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  • Entertainment

THEATRE: Jimmy’s Hall raises the roof at the Abbey

Wednesday, 8th August, 2018 7:00pm
THEATRE: Jimmy’s Hall raises the roof at the Abbey

A scene from ‘Jimmy’s Hall’. PHOTO: ROS KAVANAGH

THEATRE: Jimmy’s Hall raises the roof at the Abbey

A scene from ‘Jimmy’s Hall’. PHOTO: ROS KAVANAGH

Paul O’Rourke

IT’S ironic that it takes two Englishmen to tackle some of the darker elements of Irish history, but director Ken Loach and his writer friend Paul Laverty have consistently been drawn to troubled stories originating from these shores. 

From ‘Hidden Agenda’ to ‘The Wind that Shakes the Barley’ and more recently ‘Jimmy’s Hall’, Loach, who is traditionally attracted to the plight of the downtrodden, has never backed away from controversy. For those who haven’t seen any of Jimmy Hall’s previous incarnations (including the 2014 film and last year’s run at the Abbey), the story is a true one and tells the tale of Leitrim farmer Jimmy Gralton who opened, closed and reopened a dance hall in 1930s Ireland. 

Gralton did this to provide his community with a place to dance, practice music, and be creative. No prizes for guessing that there were forces at play looking to shut off that particular avenue of enjoyment. 

Enter the Catholic Church, understandably deeply troubled by the concept of people expressing themselves and having fun. And therein lies the drama of the piece.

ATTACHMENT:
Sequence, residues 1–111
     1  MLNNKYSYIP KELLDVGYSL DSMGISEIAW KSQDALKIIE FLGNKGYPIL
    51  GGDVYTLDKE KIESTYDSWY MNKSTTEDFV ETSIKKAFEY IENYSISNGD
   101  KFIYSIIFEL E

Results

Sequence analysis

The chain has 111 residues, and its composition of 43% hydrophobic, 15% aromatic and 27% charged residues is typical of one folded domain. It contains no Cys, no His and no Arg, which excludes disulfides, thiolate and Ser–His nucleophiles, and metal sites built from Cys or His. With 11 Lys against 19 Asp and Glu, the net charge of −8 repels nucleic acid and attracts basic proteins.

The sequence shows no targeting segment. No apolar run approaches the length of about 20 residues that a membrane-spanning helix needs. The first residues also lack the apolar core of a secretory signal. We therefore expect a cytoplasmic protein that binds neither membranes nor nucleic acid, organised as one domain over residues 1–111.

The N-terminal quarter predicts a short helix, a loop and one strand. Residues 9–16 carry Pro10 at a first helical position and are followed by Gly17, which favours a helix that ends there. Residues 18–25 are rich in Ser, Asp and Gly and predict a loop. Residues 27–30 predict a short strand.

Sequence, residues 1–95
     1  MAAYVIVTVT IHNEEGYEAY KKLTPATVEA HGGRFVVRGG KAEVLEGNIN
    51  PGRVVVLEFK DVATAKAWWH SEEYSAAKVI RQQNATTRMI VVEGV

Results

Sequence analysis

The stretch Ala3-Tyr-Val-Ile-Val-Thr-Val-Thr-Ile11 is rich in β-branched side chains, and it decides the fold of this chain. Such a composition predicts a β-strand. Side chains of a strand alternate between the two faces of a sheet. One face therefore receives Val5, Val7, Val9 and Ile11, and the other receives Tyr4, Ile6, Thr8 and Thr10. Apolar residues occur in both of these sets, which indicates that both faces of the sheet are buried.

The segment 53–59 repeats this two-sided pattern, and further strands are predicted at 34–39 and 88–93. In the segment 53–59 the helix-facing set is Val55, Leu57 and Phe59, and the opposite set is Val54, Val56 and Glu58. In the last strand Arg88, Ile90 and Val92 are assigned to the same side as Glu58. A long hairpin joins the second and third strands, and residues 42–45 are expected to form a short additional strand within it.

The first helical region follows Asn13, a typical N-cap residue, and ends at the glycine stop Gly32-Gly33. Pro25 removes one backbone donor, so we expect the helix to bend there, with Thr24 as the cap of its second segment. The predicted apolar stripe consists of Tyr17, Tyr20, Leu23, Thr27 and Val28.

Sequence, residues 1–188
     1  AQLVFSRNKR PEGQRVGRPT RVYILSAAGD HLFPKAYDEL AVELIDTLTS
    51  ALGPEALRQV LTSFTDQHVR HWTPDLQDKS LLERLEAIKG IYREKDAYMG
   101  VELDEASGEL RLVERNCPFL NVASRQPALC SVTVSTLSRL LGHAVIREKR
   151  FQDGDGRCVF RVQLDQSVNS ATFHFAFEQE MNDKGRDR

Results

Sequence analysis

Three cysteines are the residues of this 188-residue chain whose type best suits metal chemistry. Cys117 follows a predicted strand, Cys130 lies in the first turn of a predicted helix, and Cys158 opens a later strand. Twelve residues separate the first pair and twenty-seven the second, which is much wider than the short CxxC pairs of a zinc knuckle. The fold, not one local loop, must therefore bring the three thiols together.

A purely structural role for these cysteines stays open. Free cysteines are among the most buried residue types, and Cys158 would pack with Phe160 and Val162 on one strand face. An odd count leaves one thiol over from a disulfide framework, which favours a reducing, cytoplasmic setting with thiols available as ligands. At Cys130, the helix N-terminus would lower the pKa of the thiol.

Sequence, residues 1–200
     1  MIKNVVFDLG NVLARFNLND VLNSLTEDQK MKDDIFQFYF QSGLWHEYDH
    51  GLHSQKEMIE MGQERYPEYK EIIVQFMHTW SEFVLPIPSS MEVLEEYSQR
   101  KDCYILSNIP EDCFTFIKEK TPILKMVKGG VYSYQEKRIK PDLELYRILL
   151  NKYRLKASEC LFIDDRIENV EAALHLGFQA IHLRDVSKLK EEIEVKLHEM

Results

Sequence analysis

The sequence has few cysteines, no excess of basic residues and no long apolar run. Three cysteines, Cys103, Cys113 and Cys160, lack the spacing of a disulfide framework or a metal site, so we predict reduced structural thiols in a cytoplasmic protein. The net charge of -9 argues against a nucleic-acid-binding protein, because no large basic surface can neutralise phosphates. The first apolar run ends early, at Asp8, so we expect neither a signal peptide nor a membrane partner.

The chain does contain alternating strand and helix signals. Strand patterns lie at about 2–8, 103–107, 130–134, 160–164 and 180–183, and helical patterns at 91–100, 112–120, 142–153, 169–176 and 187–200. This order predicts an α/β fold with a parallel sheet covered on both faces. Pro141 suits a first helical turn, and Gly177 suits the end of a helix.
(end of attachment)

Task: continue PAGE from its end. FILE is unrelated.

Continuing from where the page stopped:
But this production is much more about music and dance, than drama and conflict. 

The instruments are already playing as you take your seat and this sets the tone for what’s to follow. Richard Clements does a stirling job not only playing Gralton, but playing a mean piano too, and Lisa Lamb as Oonagh steals the show with some haunting vocals.  

There is some humour, with the funniest lines going to Bosco Hogan as Father Sheridan, not intentionally mind, it’s just the religious dogma of the day was so ridiculous it’s laughable. 

When Gralton delivers a rousing speech about emigration, poverty and homelessness, you half expect the audience to stand and applaud, but that’s reserved for the finale. 

Following a stirring final all-singing, all-dancing number that evokes the same kind of feeling as a Riverdance ending, you’re left with no choice but to get to your feet and cheer.

This is more than a play, it’s a celebration of music, community, joy, dance, and freedom from oppression. In one word, it’s a triumph. 


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